PROMO: The art of making a postcard, part 1.

January 23, 2007

Well, this week is all about sending out what may be the most cost effective promotion ever: the postcard. I’ll start out by talking about how to design one today, and then Thursday’s post will be all about getting it printed, where to go, and how to send them out.

First off, the postcard is a very simple yet effective way to get art directors to see your work printed. A postcard is small, tangible, and while you may not hear right away from an AD, that doesn’t mean that they didn’t keep it. I’ve had quite a few jobs pop up where art directors were just waiting for the right job to use me…So there’s that. You must be aware of the whole situation though– because they’re so easy to send, and cost effective, almost EVERYBODY sends them out. And unlike a portfolio where you have the ability to show a variety of styles or work, postcards have only so much space to share your artwork. So if I can impart anything to you, it’s that you must treat each mailing with care; think of each postcard as a first impression with your potential client. You want to give a clear view of your work, and you want to impress your art director.

– When I make postcards, I typically create new art for the purpose. Part of this is because I don’t often work to the right size of a postcard, but most of it is that it gives me an excuse to work on personal illustrations and really come up with an interesting image for the mailing. (In case you’re curious, I have the last three postcard images here, here, and here; you’ll notice that I’ve been sticking to a vertical layout lately, but obviously you can do a horizontal layout too)

-If you have a piece of strong published work, go for it. Technically, you can put more than one image on a postcard, to give art directors a variety of samples, though I haven’t. Why not? Well, my artwork tends to have a lot going on in the images, so if I were to shrink an image down and add a few more, I think it would just look visually complicated and would lose interest in my illustrations. But look at your illustrations- shrink them down, play with them. Do they look better larger? If they’re a bit less complicated than mine, you’re probably in the clear with using two or more. However, remember that if you’re working more than one image on a front, try and make them complement each other, and design the card so that each piece is showcased and not overpowered.

-Don’t go into it blindly. Do your research and find the company that you want to use, and pay attention to their templates and sizes. Postcards are funny because they’re not ‘quite’ standardized– some places do 4×6 cards, some do 4.25×6, and so on…. But not only that, you need to realize that the cards will have bleed space (extra runoff of the image that will be trimmed when printed), and this is also why I work a new image each time- it gives me the control to figure out what the trim space is, and keep all the vital information within the print area, so it looks just the way it needs to. Granted, I’m more paranoid about my artwork than some, but I want it to look just right.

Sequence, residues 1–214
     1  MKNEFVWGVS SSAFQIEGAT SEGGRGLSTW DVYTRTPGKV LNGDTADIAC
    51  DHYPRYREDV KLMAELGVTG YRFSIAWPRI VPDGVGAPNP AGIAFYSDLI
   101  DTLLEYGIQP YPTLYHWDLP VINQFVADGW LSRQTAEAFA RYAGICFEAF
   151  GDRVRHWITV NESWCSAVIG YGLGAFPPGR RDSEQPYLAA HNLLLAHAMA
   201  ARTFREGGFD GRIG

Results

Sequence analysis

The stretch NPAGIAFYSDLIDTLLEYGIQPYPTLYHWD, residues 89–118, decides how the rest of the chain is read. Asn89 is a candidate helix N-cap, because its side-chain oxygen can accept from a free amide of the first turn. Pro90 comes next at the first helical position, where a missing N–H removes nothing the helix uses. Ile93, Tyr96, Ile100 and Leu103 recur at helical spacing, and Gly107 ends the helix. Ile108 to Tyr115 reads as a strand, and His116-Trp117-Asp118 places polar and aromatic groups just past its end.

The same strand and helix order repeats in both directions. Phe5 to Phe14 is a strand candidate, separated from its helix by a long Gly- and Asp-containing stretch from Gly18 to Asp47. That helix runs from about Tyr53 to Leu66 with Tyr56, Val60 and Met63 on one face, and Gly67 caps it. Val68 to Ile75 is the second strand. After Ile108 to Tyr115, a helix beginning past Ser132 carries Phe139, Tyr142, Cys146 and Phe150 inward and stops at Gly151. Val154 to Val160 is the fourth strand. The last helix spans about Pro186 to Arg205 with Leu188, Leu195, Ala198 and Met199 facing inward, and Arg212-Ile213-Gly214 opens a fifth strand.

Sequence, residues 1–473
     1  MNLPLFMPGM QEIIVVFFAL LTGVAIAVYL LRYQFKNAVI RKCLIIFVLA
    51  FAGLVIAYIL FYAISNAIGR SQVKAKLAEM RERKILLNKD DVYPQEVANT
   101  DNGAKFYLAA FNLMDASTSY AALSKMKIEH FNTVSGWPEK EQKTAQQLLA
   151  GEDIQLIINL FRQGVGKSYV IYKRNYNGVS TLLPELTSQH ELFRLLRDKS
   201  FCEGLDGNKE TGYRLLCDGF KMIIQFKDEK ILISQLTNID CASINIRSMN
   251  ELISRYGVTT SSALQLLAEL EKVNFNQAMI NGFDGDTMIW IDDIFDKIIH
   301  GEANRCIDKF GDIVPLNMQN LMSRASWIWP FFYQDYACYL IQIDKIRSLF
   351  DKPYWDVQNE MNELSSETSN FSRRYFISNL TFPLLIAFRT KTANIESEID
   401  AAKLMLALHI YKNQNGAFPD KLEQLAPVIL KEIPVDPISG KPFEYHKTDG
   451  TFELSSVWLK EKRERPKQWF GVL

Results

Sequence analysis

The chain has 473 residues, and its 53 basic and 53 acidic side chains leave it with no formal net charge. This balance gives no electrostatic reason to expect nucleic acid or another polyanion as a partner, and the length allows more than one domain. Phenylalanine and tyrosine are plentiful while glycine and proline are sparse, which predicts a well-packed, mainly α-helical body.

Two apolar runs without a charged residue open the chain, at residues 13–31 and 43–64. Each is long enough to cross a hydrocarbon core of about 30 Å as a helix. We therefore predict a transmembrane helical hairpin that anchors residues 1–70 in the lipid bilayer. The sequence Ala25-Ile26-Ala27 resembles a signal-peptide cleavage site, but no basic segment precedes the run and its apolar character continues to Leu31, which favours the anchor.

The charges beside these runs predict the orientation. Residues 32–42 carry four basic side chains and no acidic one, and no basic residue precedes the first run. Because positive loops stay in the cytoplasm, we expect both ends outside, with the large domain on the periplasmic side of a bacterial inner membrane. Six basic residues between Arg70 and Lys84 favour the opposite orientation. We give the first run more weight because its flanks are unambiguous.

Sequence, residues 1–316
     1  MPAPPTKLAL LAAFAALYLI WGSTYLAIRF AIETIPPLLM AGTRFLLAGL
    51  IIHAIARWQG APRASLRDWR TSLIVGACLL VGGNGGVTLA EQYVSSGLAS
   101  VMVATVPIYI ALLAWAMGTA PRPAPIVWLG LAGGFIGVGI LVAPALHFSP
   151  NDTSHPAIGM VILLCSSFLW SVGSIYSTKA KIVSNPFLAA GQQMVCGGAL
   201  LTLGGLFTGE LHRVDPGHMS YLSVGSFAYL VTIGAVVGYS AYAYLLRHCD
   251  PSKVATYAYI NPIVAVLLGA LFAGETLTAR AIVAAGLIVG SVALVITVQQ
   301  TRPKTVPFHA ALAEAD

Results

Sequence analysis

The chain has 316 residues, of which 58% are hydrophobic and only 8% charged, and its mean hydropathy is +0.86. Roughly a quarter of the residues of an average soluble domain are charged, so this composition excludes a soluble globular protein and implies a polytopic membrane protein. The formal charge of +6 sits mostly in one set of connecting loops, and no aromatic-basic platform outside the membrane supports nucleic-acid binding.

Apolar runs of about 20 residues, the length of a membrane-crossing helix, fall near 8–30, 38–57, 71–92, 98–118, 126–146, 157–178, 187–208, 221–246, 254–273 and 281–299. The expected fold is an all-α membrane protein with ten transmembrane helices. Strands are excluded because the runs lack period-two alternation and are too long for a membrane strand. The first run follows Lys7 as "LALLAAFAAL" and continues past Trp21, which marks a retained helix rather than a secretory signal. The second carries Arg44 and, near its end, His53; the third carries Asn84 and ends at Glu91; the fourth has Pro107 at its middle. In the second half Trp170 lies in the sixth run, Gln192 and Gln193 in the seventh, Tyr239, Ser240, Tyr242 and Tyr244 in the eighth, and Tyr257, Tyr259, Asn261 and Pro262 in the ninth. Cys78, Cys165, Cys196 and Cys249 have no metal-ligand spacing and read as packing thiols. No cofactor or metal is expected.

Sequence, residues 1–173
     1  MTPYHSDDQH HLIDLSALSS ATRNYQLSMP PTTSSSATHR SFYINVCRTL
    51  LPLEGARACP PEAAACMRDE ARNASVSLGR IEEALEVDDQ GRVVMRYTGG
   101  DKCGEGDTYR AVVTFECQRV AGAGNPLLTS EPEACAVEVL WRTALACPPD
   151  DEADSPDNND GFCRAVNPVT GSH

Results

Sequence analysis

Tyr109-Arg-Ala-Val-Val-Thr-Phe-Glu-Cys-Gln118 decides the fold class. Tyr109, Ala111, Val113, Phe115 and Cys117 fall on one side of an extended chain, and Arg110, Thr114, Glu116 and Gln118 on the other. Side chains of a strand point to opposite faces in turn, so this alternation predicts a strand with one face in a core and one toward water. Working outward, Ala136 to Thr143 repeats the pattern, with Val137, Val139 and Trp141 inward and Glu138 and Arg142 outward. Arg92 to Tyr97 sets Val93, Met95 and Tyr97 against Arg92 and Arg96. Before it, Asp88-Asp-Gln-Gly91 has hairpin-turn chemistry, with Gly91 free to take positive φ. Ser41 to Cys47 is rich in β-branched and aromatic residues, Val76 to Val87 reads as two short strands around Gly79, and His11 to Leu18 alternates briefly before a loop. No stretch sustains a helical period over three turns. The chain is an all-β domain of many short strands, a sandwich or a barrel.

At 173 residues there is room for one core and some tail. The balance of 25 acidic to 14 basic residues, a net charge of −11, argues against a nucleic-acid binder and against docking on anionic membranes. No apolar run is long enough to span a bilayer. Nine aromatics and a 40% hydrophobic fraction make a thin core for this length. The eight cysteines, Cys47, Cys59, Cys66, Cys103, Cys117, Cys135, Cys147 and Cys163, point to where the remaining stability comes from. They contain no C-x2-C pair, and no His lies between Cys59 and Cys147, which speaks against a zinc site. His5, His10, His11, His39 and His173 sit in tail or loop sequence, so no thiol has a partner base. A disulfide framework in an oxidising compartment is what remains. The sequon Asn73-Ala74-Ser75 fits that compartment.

– Ask your friends for critical comments, or other illustrators. When you think about it, this may be the first time an art director sees your work- so you might want to get the critiques of your compatriots to see what they feel when they see the image. If it looks interesting, they’ll tell you, but if it has problems that’ll help too. Of course, an art director is in a very different position- they are looking at your postcard versus a billion others a day, so they will probably spend much less time looking at it. But if you feel less than confident about designing a card, asking for help is a good idea.

-Don’t forget the back- there’s ample opportunity to show an art director your design sensibility without throwing a whole other image on there. Case in point: my most recent postcard’s back ties in pretty nicely with the front, but isn’t a whole separate illo. Depending on where you order from, you can often get a 4/4 color card (if you’re not in the know: 4/4 means the number of process colors on each side. If there are 4- that means full color. If you see 4/1, that means that the front is full color and the back is black) for not much more than a 4/1. My first postcard was pretty typical; horizontal layout, an alright image, black back, computer fonts with my contact info on it….and it was okay, and just that. Now that I look at it, I don’t hate it, but it’s, as a good friend would term it, ‘pedestrian.’ The color helps, but the more I make these things the more I notice what works better.

– There are rules! They’re all over the place, but the first thing I found was this link on Modern Postcard’s site about regulations. Namely: the post office needs the bottom 5/8″ of the back of a card for barcodes. It can’t be any darker than 7% grayscale. Kind of a pain, I know. Also suspect, although I am dubious of this because I know I’ve sent them out before, are cards with rounded corners. Supposedly the US Postal Service does not cotton to this, but I’ve sent two batches of cards out with rounded corners, so I’m not sure how true this is, but it’s something to think about.